The Lower East Side figures prominently in a Bloomberg piece today about the flight of art galleries from Chelsea. It’s a familiar story, of course. Art dealers priced out of the West Side gallery district have been coming to the LES in search of cheaper rent for several years. But the migration appears to be accelerating. Here’s are excerpts:
“It’s time to move to a new area and be part of a new story,” said Michael Gillespie, owner of Foxy Production, one of the two galleries. “Chelsea feels more blue-chip and less an area where you come to discover new artists.” … CRG Gallery and Zach Feuer recently left Chelsea after 15 years because their latest home had been sold. CRG will open on Chrystie Street on Sept. 9 with a solo show by multi-media Brazilian artist Alexandre Da Cunha. Feuer partnered with downtown dealer Joel Mesler and opened a second-floor space on the corner of Orchard and Grand streets. “If you are an emerging contemporary art gallery, the Lower East Side is the place to be,” said New York collector Peter Hort. “I go to Chelsea to see shows and support friends. I buy art downtown.” … Downtown credentials also appeal to some blue-chip Chelsea galleries. Marianne Boesky runs Boesky East on Clinton Street. James Cohan Gallery, which has a 6,000-square-foot space in Chelsea, will open a 2,900-square-foot gallery on Grand Street in October. “No one wants to become a dinosaur,” said James Cohan. “We thought there is fresh energy on the Lower East Side.”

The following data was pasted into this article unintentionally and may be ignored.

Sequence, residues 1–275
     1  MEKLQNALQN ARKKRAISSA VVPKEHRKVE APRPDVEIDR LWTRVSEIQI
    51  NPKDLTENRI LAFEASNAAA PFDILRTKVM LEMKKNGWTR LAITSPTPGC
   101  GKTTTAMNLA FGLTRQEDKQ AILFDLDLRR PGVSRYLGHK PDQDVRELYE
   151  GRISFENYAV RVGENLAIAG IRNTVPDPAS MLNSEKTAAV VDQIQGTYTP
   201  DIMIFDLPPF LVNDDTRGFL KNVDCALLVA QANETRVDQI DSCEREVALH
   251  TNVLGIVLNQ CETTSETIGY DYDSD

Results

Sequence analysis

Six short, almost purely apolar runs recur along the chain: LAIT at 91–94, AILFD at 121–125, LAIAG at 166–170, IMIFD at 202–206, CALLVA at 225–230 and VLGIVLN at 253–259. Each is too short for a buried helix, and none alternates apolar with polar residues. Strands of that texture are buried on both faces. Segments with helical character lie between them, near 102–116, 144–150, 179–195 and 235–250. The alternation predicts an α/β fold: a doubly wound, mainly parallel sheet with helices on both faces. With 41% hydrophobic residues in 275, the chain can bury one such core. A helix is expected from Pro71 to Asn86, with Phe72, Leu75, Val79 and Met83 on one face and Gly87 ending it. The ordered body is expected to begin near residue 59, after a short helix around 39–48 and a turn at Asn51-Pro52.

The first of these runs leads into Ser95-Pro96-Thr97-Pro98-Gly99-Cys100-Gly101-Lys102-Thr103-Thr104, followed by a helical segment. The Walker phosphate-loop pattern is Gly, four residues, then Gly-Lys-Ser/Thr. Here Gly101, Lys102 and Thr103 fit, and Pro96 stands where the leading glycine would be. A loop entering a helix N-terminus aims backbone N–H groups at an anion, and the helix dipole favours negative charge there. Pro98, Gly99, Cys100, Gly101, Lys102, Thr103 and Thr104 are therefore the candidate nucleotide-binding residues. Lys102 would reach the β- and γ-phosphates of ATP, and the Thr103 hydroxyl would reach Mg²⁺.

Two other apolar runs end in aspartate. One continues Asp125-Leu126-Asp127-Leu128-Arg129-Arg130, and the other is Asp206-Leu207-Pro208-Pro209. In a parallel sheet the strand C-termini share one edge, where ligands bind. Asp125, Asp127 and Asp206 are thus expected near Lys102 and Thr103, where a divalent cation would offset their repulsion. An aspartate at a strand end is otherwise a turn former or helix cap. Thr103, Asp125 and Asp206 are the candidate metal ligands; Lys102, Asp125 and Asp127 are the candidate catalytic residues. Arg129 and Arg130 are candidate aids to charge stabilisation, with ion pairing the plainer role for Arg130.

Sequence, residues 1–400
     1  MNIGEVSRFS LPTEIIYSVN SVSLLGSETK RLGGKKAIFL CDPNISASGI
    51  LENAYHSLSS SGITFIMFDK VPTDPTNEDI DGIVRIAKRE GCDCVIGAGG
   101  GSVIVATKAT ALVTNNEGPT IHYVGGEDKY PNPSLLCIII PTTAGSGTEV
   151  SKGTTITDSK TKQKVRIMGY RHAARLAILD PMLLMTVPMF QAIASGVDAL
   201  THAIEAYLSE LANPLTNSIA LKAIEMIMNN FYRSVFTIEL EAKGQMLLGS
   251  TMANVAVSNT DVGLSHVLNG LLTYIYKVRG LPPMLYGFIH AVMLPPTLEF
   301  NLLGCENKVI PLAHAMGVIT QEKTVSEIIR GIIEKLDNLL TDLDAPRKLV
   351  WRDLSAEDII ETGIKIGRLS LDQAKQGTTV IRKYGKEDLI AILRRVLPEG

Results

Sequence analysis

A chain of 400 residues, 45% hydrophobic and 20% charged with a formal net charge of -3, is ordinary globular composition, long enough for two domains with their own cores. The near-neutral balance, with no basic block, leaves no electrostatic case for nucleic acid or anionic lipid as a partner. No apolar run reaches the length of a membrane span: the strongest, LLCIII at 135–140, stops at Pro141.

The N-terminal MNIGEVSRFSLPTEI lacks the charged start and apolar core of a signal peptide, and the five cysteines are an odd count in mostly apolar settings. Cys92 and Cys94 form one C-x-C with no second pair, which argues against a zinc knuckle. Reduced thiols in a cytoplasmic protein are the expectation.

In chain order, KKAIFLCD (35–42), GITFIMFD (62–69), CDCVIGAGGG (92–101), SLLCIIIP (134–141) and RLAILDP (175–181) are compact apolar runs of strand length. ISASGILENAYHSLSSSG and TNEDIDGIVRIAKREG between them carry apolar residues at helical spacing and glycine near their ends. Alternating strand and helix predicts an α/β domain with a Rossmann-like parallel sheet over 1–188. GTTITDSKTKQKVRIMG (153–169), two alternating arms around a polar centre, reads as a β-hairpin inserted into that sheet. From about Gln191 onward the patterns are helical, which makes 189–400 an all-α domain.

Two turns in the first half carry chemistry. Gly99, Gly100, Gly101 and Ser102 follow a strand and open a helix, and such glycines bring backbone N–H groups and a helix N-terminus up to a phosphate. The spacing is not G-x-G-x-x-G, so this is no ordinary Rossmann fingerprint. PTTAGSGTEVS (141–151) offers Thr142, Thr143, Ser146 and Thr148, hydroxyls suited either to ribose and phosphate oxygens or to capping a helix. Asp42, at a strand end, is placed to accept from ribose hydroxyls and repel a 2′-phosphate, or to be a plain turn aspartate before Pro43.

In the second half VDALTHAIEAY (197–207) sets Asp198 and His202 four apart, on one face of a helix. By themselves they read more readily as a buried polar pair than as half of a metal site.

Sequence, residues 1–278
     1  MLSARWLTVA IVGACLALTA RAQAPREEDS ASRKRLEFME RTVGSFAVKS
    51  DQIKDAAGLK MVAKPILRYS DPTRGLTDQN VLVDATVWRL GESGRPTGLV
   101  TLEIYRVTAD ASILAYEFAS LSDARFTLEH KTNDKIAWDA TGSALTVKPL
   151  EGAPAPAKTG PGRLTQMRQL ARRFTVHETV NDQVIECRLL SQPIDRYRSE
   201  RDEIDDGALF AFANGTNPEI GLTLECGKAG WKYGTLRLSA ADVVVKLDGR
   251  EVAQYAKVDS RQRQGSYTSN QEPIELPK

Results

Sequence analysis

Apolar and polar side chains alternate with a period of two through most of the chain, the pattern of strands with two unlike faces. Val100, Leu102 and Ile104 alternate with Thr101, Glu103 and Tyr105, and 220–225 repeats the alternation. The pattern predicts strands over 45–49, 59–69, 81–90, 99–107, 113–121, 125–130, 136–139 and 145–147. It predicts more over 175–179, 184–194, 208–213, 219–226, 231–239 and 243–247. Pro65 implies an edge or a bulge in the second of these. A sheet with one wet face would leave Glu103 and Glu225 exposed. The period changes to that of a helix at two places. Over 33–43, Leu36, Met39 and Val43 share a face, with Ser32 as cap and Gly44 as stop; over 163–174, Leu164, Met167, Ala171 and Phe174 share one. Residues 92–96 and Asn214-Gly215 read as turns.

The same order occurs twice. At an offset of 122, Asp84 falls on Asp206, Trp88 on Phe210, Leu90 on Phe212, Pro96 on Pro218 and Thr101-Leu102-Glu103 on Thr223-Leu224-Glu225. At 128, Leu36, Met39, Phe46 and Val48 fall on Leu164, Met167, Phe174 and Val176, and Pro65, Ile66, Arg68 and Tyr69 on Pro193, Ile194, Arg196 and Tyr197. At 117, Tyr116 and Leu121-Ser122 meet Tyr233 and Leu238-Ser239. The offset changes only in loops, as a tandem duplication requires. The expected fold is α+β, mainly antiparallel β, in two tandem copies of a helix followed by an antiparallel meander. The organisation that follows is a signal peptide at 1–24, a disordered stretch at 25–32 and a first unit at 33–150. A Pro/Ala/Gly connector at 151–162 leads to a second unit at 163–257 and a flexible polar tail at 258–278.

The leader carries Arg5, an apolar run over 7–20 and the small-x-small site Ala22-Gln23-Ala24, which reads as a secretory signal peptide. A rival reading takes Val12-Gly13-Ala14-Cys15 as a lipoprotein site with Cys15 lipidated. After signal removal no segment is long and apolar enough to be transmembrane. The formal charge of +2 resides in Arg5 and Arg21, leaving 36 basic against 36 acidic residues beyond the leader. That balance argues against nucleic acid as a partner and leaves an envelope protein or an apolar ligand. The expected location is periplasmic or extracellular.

According to the article, the Lower East Side is slightly more affordable than Chelsea. Rents top out at around $125/sq. ft. here as opposed to $150/sq. ft. in Chelsea. The LES BID estimates there over 120 galleries in the neighborhood today.
In Chelsea, of course, residential real estate development has pushed galleries out. That’s already happened in a few isolated cases on the LES. The big question? How long until it starts occurring on a bigger scale.